In the 1850s there were several attempts to readjust this arbitrary line. Several proposals were initiated on the Oregon side of the boundary to establish the Territory of Jackson. At the same time an equal number of plans were proposed from the southern portion — California — to create the State of Klamath. In 1909 there was a movement on both sides of the common boundary to form the State of Siskiyou. None of these proposals amounted to anything. Outside of the small circle of initiators, enthusiasm was absent. They had an idea, but no plan. They had reasons, but no cause. And, they had proponents, but no leader. In 1941 a leader stepped forward. He had a cause and he had a plan, which he helped expand far beyond its original scope.
The event constituting the real beginning of the State of Jefferson occurred on October 2, 1941. Gilbert Gable, the mayor of Port Orford, Oregon, appeared before the County Court of Curry County, with a delegation of citizens from that city. Claiming that “apathetic state leadership” had failed to develop the mineral resources of that county, Gable proposed that Curry County secede from Oregon and join California, where they could expect more equitable treatment. The county court, after listening to the mayor’s argument, appointed a special three-man commission to study the proposal, to make plans for accomplishing it, to contact officials of the State of California, and to report back to the court at its earliest convenience.
The time was late 1941. Both the citizens and the government of the United States were becoming alarmed over the rapidly deteriorating situation in the western Pacific. Many people felt that we would be involved in a Pacific war within two years. The government was slowly building up its arms production, not only in expectation for a coming war, but also to supply the non-Axis belligerents in Europe. There was a need to step up production of strategic minerals such as chromite, cinnabar, and magnesite, which the Curry County delegation felt were in abundance in that county.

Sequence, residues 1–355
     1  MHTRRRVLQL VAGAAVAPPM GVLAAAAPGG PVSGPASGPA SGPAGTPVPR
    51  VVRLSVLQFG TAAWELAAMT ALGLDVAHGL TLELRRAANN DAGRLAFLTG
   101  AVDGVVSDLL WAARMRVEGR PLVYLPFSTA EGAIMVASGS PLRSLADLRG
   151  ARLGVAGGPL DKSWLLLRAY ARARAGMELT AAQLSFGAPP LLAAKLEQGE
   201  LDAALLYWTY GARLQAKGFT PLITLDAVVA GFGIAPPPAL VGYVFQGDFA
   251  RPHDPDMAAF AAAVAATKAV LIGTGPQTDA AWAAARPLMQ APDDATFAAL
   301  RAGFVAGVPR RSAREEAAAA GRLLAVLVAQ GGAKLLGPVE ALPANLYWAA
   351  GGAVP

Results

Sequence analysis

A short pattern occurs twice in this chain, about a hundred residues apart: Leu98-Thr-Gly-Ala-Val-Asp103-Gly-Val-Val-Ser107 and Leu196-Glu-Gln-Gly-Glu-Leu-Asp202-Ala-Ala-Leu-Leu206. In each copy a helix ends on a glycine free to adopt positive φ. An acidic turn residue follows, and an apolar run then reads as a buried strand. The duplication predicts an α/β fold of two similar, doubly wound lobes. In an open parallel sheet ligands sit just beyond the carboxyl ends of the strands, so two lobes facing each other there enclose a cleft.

The response to Mayor Gable’s stepped-up publicity campaign was not too favorable at first. The director of the Oregon Department of Geology and Mineral Industries became extremely defensive about all the good things his department was doing in southwestern Oregon. Even the Siskiyou Daily News of Yreka, California, doubted the wisdom of the proposal. The editor of that journal claimed that Northern California was treated unfairly by the rest of the state. In fact, he claimed that the treatment received by his county from California was much the same as that of Curry County from Oregon.
But as time moved on, the response became more favorable. Gable was receiving letters and telegrams of support from all over the country. And, of course, he maintained a steady flow of press releases.
At the end of the month Cable and his delegation met with California’s Governor Culbert Olson. They outlined their complaints against the state of Oregon: lack of harbor development, lack of roads into the interior, no state institutions in the county, no citizens of the county appointed to state positions, and lack of support for the development of the lumber and mineral industries. Governor Olson appeared to be sympathetic, but said he was unable to give them any official assistance. He suggested that the delegation meet with Oregon’s Governor Charles Sprague and then, with the support of two governors, they could present stronger arguments to the Federal government. He admitted that many of the same problems faced by Curry County existed in California’s Del Norte County, and suggested that representatives of the two counties get together and plan a united front.
While Mayor Gable’s campaign was building momentum, a similar sort of restiveness was beginning to appear south of the forty-second parallel. Citizens of Siskiyou had been expressing their anger of the short shrift given them by California for years. But other counties were beginning to express their feelings as well. The Alturas Plaindealer carried an article expressing the complaint of a Modoc County delegation that California was uncooperative in the construction of needed highways. The Del Norte Triplicate carried a series of editorials claiming much the same maltreatment from California that Curry was receiving from Oregon.
Gable took note of the opportunity presented by the discontent and appeared at the November 10 meeting of the Del Norte County Board of Supervisors. Addressing the group, Gable urged that Curry and Del Norte counties work in concert to promote the resources development of that section of the Pacific Coast. The response was as he had expected. The Board of Supervisors created a special commission for Collaboration with Curry County in the Development of Strategic Defense Minerals. After receiving a grant from the Board to defray expenses, the commission proclaimed the formation of a six-county alliance to promote regional development. And it announced a meeting to take place the next week in Yreka with prominent citizens of Siskiyou County.